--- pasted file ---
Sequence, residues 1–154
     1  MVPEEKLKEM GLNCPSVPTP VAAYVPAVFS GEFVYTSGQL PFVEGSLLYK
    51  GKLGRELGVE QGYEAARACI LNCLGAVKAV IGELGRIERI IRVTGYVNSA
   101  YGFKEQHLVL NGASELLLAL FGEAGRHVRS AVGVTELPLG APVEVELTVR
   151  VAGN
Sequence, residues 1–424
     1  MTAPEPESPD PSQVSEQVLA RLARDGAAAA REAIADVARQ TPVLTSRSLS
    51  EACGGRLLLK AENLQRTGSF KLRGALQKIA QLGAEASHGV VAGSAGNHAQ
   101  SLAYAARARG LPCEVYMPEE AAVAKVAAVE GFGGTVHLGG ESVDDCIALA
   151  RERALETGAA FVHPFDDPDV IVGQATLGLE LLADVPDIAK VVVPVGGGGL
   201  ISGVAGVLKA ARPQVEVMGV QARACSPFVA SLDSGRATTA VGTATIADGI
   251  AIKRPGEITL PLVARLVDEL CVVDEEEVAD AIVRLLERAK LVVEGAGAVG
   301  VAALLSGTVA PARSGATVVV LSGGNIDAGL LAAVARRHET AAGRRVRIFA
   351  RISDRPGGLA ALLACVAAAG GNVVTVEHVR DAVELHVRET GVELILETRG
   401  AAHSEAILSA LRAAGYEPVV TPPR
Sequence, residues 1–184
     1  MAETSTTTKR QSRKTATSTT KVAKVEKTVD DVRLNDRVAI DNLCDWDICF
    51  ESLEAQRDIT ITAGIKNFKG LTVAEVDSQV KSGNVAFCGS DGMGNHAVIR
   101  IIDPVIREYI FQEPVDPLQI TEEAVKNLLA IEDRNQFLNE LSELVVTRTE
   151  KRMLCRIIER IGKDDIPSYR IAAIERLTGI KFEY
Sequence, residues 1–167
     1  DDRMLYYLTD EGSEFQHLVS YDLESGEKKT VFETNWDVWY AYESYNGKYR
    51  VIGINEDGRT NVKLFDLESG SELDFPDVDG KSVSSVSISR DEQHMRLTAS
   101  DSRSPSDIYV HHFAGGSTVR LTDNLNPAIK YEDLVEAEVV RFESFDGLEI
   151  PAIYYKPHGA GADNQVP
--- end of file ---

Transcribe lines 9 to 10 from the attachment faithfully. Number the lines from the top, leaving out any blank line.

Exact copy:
   101  SLAYAARARG LPCEVYMPEE AAVAKVAAVE GFGGTVHLGG ESVDDCIALA
   151  RERALETGAA FVHPFDDPDV IVGQATLGLE LLADVPDIAK VVVPVGGGGL